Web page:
Primary use cases of RAG.

Based on the above, the most suitable use cases of RAG include:

  • Question answering over any extrinsic domain knowledge such as company-specific documentation and knowledge bases, live operational systems, back office systems, etc: by definition, using LLMs with any data outside of LLM’s knowledge cutoff requires RAG. Additionally, question and answering over highly time sensitive and fast-changing context - data that gets outdated quickly are impossible to integrate into LLMs via fine tuning.
  • For reducing hallucinations and increasing factual accuracy: generally speaking, RAG can improve factual accuracy even for answering questions about information contained within the LLM’s training corpus. That’s because RAG turns the question answering task into an “open-book quiz” task, which is easier than an unbounded question answering task.
  • Personalization is a canonical use case for RAG. In this case, the prompt is augmented with user data. Optionally, any PII data could be scrubbed prior to being inserted into the prompt.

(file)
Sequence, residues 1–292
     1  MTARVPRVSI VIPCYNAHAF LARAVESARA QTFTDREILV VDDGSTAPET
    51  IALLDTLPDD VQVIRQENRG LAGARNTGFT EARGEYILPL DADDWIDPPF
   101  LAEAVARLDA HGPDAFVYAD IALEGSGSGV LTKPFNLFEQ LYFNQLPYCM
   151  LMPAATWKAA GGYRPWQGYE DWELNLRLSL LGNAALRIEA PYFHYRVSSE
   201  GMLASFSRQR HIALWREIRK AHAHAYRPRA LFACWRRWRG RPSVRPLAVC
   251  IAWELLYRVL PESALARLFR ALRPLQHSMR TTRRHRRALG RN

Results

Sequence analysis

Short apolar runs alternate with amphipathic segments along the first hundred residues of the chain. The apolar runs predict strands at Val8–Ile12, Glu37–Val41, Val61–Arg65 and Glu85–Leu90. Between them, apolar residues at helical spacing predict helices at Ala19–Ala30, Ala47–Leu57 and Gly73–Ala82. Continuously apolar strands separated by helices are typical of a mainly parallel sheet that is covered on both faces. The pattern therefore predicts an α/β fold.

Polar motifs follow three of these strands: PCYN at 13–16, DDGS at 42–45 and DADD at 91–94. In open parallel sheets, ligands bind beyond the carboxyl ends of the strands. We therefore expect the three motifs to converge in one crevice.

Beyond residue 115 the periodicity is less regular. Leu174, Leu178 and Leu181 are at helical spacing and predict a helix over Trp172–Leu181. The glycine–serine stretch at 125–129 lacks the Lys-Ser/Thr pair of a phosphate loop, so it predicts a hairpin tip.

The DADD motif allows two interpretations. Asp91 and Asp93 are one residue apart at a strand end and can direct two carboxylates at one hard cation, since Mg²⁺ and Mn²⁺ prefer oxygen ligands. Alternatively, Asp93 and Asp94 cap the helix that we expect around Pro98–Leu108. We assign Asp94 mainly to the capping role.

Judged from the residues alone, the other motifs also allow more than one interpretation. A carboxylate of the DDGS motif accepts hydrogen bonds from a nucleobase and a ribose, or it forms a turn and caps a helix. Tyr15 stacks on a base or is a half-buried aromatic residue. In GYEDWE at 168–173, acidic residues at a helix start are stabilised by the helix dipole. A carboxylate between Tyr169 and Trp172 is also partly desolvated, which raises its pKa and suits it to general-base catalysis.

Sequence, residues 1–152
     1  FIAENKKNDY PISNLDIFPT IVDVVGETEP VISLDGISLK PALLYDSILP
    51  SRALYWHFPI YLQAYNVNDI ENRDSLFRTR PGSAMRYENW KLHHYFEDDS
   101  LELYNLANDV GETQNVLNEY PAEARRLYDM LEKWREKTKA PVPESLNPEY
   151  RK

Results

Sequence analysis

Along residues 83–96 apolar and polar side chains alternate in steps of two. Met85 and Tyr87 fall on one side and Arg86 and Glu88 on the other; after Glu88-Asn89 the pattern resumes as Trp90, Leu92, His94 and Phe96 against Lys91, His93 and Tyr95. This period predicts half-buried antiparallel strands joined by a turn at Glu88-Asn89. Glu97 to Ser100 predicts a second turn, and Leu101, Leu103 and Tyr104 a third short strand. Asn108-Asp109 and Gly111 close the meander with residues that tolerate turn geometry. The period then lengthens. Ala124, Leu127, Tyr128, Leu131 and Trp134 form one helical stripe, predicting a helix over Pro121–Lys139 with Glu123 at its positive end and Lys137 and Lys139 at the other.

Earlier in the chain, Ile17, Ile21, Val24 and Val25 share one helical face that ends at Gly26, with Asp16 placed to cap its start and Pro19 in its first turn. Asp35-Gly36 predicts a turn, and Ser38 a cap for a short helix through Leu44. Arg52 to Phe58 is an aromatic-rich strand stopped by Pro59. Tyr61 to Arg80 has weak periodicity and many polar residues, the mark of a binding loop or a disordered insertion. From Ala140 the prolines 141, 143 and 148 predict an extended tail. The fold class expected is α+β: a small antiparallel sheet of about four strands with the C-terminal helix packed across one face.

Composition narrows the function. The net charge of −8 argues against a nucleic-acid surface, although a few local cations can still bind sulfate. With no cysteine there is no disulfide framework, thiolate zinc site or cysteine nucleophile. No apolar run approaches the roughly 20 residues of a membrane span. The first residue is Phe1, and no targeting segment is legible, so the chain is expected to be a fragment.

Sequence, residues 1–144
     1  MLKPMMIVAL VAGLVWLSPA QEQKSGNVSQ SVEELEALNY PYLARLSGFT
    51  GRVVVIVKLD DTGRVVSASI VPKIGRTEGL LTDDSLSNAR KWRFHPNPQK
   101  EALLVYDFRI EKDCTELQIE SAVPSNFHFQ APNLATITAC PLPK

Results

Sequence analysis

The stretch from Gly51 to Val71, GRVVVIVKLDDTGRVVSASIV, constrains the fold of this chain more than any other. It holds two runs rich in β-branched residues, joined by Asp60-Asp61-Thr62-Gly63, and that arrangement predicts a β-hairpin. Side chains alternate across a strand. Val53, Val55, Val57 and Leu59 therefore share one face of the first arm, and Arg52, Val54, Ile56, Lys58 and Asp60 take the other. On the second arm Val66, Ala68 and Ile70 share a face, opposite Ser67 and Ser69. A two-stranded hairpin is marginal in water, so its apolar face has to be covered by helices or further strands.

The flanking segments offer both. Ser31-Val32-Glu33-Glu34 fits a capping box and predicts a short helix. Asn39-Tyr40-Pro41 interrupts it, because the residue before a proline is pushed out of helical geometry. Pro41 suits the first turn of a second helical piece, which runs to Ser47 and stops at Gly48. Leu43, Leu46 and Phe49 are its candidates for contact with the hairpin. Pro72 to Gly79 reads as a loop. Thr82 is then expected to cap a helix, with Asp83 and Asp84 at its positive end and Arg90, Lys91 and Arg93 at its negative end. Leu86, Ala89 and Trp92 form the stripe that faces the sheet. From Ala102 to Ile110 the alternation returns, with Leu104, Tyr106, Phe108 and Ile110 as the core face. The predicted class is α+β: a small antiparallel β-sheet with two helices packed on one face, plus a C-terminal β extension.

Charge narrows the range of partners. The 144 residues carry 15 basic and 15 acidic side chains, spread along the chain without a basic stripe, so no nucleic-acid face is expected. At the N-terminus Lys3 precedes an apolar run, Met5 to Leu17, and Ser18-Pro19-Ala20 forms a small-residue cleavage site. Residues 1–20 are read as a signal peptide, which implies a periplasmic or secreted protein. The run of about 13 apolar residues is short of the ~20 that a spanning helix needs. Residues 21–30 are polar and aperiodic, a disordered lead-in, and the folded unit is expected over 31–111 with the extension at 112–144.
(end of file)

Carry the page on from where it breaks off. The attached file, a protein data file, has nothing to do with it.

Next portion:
• Providing contextual answers (inside Co-Pilots). As Github co-pilot demonstrates, LLM generations can be more relevant when grounded on the application state (the current document, the overall project metadata, which URL or page is currently being visited, etc)
  • Any GenAI-app that works with highly domain specific contexts. Examples include healthcare, financial services, legal discovery, and science and engineering. In these sorts of domains, training data is often sparse and so RAG is essential to build useful GenAI apps.
Why retrieval-augmented generation? What are the alternatives to RAG when building Generative AI applications.
  • Train your own LLM: While there could be justification for training your own LLM, it’s likely going to be far too expensive and time consuming to create anything competitive with the many commercial (OpenAI GPTs) and open source models (Meta’s LLaMa) available.
  • Fine-tuning an existing LLM: a technique where a pre-trained LLM is retrained on a smaller dataset of task-specific data. Fine-tuning can be effective for improving the performance of an LLM on a specific task, but it can also be time-consuming and expensive. Fine-tuning never ends – as new data becomes available, so the model has to be fine tuned again. When your GenAI app demands access to live operational data, fine tuning is not going to work for you.
Why retrieval-augmented generation over fine tuning an LLM?